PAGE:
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Rebecca Ivers: Reducing the global burden of injury through effective prevention and trauma care PDF Print E-mail

© Neena Bhandari

Growing up in suburban south Sydney, Rebecca Ivers and her siblings were always encouraged to strive for academic excellence and work towards making a positive difference in people’s lives. She got involved with a group called Student Initiatives in Community Health while doing her undergraduate degree in optometry at the University of New South Wales [UNSW]. It triggered her interest in population and public health and gave her an understanding and interest in inequality.

It was while practising as an optometrist in the Northern Territory that she discovered that few Aboriginal people would come to their clinics. She became keenly interested in the health of Australia’s first people and began working for the Northern Territory Aboriginal Eye Health Committee.

“I began hitchhiking on the AirMed Medevac flights to service remote rural Aboriginal communities, but soon realised that one needed to do more than just treat one patient at a time. There was a need for systemic change in the health system”, says Professor Ivers, who retrained in public health and epidemiology and did her doctorate on the relationship between poor vision, falls and hip fractures in older people, which kickstarted her career in injury.

She was amongst the Institute’s initial team of researchers. “It was a perfect opportunity to pursue both my interests - global health and inequality”, says Professor Ivers, who is currently the Director of the Injury Division and Professor of Public Health at the University of New South Wales, Sydney.

She has been involved with the Institute’s work in India since its inception. The main focus of her work has been around health systems, management of injuries, treatment of fractures and traumatic injuries, and falls prevention. “We are working on understanding best models of care to treat serious burns and care of people following road traffic injuries. A study we conducted in Chandigarh with the Postgraduate Institute of Medical Education and Research followed nearly 3000 people after injury to establish out of pocket costs, and impoverishment due to healthcare costs”, says Professor Ivers, who is also associated with a big trauma collaboration, the Australia-India trauma Systems Collaboration, which works with AIIMS and other groups in India to advance trauma science in both India and Australia.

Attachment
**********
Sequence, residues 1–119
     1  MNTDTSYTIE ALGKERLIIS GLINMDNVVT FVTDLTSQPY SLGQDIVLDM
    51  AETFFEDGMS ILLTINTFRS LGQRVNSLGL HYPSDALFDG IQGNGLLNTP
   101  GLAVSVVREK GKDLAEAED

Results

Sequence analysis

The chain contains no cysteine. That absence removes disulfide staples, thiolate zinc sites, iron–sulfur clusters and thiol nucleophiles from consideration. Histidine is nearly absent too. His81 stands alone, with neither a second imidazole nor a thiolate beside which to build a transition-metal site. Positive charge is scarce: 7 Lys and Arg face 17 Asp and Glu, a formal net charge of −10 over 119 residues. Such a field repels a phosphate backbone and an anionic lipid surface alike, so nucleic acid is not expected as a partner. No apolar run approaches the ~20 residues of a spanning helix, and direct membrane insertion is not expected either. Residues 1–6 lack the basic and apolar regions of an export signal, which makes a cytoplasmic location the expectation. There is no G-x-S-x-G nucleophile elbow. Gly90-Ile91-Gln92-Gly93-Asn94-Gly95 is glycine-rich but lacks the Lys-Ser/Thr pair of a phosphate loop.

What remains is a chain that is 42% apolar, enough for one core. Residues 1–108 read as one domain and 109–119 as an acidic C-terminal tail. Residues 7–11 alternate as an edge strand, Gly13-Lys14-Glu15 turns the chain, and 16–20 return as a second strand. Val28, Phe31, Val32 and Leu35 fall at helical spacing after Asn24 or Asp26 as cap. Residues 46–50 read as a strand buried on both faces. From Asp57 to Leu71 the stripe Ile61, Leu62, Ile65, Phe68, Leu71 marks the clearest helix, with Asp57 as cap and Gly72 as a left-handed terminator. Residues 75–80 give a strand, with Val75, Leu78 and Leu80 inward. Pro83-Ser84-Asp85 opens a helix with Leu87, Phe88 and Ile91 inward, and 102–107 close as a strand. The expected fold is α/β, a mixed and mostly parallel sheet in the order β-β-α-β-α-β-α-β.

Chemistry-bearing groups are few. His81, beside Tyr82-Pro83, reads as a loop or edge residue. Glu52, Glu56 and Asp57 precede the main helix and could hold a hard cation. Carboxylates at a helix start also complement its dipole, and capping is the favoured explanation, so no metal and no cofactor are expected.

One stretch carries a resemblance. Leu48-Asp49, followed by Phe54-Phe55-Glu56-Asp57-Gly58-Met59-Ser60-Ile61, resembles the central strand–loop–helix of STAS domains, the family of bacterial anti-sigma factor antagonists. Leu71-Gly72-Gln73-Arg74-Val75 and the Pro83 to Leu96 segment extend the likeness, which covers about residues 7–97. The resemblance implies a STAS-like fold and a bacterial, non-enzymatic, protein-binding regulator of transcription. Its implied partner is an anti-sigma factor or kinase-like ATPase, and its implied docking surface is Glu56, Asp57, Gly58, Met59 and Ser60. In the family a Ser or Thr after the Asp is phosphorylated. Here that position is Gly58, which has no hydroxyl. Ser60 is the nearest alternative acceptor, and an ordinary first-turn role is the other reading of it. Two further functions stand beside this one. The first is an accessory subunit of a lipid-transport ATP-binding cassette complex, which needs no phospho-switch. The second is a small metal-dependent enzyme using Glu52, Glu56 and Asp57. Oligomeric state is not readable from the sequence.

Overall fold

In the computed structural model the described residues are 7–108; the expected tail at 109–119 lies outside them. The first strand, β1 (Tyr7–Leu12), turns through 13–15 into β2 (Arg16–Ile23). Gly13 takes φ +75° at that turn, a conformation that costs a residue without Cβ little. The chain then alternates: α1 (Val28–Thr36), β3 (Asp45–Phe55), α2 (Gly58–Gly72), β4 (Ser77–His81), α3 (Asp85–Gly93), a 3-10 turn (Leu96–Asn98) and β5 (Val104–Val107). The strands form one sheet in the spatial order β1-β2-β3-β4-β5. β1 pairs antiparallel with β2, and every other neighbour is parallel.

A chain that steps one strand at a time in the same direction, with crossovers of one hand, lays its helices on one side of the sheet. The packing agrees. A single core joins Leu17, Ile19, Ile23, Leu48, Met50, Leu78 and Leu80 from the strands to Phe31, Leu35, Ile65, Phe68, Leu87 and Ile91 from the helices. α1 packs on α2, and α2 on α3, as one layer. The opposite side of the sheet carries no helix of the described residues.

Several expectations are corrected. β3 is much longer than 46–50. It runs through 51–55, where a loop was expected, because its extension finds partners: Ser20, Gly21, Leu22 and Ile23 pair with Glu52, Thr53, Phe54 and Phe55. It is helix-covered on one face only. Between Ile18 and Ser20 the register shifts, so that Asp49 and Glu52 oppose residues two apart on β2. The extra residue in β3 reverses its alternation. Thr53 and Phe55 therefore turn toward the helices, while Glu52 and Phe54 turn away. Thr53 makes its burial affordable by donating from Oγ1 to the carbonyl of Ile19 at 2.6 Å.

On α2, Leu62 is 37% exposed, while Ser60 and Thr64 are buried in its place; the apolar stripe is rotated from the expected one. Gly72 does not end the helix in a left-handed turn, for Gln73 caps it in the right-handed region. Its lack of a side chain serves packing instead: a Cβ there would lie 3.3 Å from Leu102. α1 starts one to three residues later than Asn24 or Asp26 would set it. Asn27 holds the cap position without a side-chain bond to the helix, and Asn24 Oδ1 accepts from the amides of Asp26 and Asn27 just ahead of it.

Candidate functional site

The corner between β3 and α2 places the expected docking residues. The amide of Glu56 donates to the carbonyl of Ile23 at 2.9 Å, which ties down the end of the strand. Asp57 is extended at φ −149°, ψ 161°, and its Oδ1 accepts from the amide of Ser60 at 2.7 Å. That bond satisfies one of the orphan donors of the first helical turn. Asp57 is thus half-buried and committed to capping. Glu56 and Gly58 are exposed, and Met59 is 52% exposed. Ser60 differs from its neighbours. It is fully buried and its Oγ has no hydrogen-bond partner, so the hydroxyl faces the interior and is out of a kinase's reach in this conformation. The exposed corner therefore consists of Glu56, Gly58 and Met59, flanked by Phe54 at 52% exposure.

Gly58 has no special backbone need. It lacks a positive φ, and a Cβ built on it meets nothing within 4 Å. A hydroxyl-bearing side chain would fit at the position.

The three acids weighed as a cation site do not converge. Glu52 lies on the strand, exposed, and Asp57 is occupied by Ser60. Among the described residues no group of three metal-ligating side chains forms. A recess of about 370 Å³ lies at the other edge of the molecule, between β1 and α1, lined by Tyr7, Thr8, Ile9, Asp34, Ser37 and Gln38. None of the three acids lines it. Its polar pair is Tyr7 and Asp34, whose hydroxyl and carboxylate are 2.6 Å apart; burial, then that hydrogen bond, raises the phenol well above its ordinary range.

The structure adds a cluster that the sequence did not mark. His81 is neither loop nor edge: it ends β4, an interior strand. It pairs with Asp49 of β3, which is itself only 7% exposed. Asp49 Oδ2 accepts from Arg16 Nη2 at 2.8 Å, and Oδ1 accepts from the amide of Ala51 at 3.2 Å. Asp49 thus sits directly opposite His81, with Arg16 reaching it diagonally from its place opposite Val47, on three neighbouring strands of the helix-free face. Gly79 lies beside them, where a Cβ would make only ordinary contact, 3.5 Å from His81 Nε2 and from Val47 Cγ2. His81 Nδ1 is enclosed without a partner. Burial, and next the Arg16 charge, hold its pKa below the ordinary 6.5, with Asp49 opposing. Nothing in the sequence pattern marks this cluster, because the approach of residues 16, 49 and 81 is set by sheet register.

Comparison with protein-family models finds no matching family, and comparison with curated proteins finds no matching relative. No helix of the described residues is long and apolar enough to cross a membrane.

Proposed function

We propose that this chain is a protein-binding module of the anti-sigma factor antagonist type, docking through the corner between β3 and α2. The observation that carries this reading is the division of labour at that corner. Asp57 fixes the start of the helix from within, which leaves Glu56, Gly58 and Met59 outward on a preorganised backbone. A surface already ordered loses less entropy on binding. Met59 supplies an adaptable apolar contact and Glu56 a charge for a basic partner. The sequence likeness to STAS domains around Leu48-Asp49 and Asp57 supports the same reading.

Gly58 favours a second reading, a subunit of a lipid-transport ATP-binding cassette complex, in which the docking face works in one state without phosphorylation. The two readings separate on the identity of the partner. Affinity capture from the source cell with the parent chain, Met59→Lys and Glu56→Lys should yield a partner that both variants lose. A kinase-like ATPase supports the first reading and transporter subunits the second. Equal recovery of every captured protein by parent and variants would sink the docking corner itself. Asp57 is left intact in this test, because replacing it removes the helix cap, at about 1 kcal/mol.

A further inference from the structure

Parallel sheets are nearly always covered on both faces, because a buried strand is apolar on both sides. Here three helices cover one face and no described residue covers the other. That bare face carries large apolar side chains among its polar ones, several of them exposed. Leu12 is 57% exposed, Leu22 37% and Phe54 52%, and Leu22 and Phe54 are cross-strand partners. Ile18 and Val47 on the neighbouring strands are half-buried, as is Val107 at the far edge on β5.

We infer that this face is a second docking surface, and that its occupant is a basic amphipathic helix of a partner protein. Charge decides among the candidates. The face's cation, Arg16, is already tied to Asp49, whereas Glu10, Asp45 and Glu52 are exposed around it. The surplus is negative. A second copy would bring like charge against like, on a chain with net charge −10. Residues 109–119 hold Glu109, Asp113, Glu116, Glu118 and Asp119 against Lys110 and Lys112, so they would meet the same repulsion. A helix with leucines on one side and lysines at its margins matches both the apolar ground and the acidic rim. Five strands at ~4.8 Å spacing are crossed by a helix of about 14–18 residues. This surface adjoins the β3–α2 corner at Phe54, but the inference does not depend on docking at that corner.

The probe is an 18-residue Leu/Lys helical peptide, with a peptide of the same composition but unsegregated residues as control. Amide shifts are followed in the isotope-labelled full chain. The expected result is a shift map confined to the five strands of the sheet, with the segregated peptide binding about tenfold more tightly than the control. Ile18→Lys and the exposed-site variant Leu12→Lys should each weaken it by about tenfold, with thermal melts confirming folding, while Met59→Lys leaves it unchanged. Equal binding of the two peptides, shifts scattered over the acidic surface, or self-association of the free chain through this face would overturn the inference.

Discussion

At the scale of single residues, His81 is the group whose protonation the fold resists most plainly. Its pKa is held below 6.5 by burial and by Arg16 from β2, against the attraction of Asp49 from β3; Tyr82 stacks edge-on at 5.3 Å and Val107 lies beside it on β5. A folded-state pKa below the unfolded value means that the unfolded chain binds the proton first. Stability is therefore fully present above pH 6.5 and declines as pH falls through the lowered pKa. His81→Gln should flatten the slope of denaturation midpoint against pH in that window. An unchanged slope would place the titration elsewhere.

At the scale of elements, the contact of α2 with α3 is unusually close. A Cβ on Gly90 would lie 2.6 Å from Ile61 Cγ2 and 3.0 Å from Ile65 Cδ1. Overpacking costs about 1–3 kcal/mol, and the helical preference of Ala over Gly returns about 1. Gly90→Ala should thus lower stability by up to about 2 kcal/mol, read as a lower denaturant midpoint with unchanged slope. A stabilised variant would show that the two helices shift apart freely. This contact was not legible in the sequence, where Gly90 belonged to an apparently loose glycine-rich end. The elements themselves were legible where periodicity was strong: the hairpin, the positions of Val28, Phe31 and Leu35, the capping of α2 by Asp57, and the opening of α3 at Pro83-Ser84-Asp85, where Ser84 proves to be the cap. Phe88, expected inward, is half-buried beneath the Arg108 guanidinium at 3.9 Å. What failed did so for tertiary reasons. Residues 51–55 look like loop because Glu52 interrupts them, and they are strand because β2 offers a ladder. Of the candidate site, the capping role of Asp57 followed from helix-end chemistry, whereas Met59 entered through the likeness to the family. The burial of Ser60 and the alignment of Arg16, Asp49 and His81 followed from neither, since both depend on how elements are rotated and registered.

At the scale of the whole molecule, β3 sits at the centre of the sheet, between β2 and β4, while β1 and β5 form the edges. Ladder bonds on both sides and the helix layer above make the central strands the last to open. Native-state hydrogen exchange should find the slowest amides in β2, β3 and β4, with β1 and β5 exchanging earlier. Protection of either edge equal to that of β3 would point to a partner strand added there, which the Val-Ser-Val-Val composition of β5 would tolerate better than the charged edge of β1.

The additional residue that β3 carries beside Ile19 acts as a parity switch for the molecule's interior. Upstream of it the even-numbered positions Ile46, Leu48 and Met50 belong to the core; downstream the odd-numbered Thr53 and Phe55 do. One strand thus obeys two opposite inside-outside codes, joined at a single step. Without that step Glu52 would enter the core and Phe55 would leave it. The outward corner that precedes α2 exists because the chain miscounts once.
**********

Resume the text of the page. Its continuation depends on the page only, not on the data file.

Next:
She is also working on International Orthopaedic Multicentre Study in Fracture Care (INORMUS), an observational study across three continents, 18 countries with over 40,000 participants to determine incidence of major complications (mortality, re-operation and infection) amongst adult individuals admitted to hospital with musculoskeletal trauma (e.g. fractures or dislocations).


While it has been a challenge to prioritise injury as a public health problem and get funding for researchers, she says, “The Institute has become a significant player in India because our work on injury surveillance and road traffic injuries, which we have been doing for the past decade, is high impact and people can see that it does lead to change. My main focus has been to help grow a team in India that’s leading injury work, given that it is the leading cause of death and disability amongst young people. We really need to see much greater investment and time in building capability in the Indian researchers focusing on injury”.

“We still have a long way to go to actually help people understand that these injuries [road accidents, falls, burns] are not “an act of God” or something that just happens, but they are preventable, that they’re predictable, and that we can actually do something to make sure that they don’t happen. When we have talked to older people in slums around fall prevention, they say, “We’ve been knocked down in the street all of our lives. Falls are things that happen to us as poor people”. Comments like that really help us to understand the context in which people are falling and the context in which they live their lives. We know that people who are poor and marginalised are going to be at higher risk. So, it really is telling us about where we should be investing our time and energy”, she adds.


Professor Ivers, who would like to see much bigger impact studies on injury in India says, “I think there’s a real need to do work on prevention of road traffic and major preventable injuries. Falls and ageing will pose a huge problem in the next 20 or so years as the population ages. There isn’t sufficient infrastructure or healthcare for older people. More work is needed on management, both prevention and cure, of chronic diseases and injuries in older people and the Institute is in a good position to do that; working with the government and international research collaborations”.

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